Tuesday, December 29, 2009

Apparently, corporate bonds aren't on a "sugar high"

Didn't Mark Kiesel of PIMCO get El-Erian's memo?

Credit Fundamentals Improving
Corporate credit fundamentals have improved with the return of private capital and management’s desire for less aggressive business and financial profiles. Rising cash balances, stronger balance sheets, an improving economy and easier credit conditions are all helping to support corporations....

This improvement in corporate credit fundamentals has materially improved the outlook for default risk, particularly in the high yield market, and increased balance sheet strength and financial flexibility for corporations. As a result, Standard & Poor’s is now upgrading more companies than it is downgrading (Chart 1).

Corporate executives’ confidence has increased with the improvements in balance sheets, credit availability and credit fundamentals, along with the gradual strengthening of the global economy. Nevertheless, management remains conservative on the outlook for sustainable economic growth, as government and monetary stimulus may fade throughout 2010. The longer-term economic outlook remains unclear, causing management to remain highly cautious about hiring and capital spending. This explains why companies are hoarding cash: According to JPMorgan, non-financial corporations, which from 2004–2008 held roughly $500 billion of cash on their balance sheets, increased their total cash holdings to $708 billion by the end of the third quarter of 2009. 

Although corporations remain conservatively managed, corporate profits are increasing with the moderate economic recovery (Chart 2). And, because hiring and capital spending are restrained, U.S. corporate free cash flow is improving significantly. As a result of cost cutting and aggressive expense control, non-financial corporations are now generating free cash flow equal to 29% of EBITDA (earnings before interest, taxes, depreciation and amortization), the highest level in a decade according to a December report from Goldman Sachs. In addition, corporate profits should continue to improve as credit conditions ease (Chart 3). A December global survey by McKinsey suggests that increased availability of credit is leading to a more bullish outlook and greater confidence in companies’ strategic planning and budgeting processes. If so, increased hiring and spending may be on the horizon, which could help improve the outlook for a sustainable economic recovery and a continued improvement in credit fundamentals.

The outlook for positive credit fundamentals is not without risks. The economy is highly dependant on monetary and fiscal stimulus, as both consumers and businesses are continuing to delever. Private sector final demand needs to strengthen before a sustainable recovery can establish itself. While near-term inflationary pressure appears under control, the Federal Reserve may have to tighten monetary policy should inflationary expectations rise. Aggressive Fed tightening would slow economic growth and be a negative for risk assets, including investment grade corporate bonds, high yield bonds and equities. Finally, the surge in cash on corporate balance sheets may be directed toward more shareholder-friendly initiatives such as increased dividends or share buybacks. Mergers and acquisitions (M&A) will likely rise in 2010, and bondholders will need to be on the lookout for management teams who appear likely to make changes to benefit shareholders.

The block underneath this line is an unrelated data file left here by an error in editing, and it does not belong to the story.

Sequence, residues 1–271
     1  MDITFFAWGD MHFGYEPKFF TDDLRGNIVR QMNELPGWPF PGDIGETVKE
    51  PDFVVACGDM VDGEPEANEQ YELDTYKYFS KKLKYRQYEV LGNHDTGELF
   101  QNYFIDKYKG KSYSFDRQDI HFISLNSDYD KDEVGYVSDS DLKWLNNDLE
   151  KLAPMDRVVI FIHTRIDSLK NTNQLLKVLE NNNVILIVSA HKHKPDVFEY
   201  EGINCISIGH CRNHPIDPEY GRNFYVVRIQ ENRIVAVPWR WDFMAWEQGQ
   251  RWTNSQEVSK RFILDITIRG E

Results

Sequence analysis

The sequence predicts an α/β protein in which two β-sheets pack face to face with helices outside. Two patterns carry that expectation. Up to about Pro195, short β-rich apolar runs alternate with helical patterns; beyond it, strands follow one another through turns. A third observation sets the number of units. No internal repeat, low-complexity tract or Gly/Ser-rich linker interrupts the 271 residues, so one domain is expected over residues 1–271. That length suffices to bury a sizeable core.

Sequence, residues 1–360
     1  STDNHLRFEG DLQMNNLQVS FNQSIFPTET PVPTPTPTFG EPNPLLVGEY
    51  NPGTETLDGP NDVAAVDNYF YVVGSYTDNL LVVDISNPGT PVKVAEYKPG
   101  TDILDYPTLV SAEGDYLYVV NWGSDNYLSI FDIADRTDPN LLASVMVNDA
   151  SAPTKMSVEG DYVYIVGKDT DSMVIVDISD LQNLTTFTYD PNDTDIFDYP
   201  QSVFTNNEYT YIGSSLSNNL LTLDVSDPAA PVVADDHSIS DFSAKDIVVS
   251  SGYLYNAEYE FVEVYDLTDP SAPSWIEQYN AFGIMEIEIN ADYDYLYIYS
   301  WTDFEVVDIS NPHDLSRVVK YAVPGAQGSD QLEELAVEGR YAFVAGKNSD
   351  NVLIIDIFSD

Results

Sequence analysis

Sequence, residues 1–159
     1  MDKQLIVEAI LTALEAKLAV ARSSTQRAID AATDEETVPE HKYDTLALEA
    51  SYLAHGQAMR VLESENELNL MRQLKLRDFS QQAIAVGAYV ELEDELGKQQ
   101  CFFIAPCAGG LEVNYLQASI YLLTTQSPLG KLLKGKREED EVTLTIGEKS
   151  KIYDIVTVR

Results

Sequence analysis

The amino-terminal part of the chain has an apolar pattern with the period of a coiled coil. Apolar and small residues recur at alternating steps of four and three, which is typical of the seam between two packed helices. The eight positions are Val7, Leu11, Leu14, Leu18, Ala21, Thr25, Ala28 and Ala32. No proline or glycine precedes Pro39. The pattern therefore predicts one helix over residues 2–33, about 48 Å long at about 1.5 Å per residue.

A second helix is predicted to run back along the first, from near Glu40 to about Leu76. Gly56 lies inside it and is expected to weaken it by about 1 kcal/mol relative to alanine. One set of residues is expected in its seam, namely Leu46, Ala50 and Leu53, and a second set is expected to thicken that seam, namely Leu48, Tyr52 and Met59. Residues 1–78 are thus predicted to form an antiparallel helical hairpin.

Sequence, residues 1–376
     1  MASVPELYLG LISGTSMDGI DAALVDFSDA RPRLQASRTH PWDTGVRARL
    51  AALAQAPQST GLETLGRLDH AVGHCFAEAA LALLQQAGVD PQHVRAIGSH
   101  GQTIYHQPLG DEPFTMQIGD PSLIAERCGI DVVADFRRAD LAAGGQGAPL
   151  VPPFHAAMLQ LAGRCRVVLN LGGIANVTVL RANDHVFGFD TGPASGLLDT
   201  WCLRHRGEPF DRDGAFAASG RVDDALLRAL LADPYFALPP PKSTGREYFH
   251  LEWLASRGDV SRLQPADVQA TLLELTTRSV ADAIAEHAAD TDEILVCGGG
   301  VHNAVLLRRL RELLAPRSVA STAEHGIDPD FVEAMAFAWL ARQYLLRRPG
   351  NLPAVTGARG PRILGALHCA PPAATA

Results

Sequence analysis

Corporate Bond Market Technicals Supportive
Both financial and non-financial debt growth is now declining on a year-over-year basis, while the federal government’s debt growth is rising by 30% year-over-year (Chart 4). Non-financial corporates need less capital because cash on their balance sheets is rising: According to JPMorgan, their cash levels increased by $113 billion in the third quarter of 2009, as cash flow significantly exceeded capital spending. As the corporate sector delevers while the federal government re-levers, bond market technicals should increasingly turn positive for corporate bonds and negative for Treasuries. This will probably be the single largest factor in credit spreads tightening this year for a lot of companies.

Who’s buying Treasuries? Despite rising issuance, almost half of the increase in Treasury supply of $1.89 trillion over the past 12 months, or $889 billion, was purchased by non-U.S. investors. Will foreign investment continue to support the Treasury market to the same degree in 2010 in the face of rising issuance? The answer remains unclear, particularly given the low level of Treasury yields and upcoming surge in government borrowing...

Bank Bonds Likely to Be Winners in 2010
Within the credit market, the banking sector stands out as a likely winner. Banks should see a gradual slowing in the growth of problem loans as well as improving balance sheet strength and profit growth. Banks are delevering their balance sheets, raising more loss-absorbing equity capital and facing increasing regulatory oversight. In addition, bank and financial companies should benefit from reduced issuance needs in the bond market, providing for supportive market technicals. All these factors should support bondholders and lead to strong relative performance....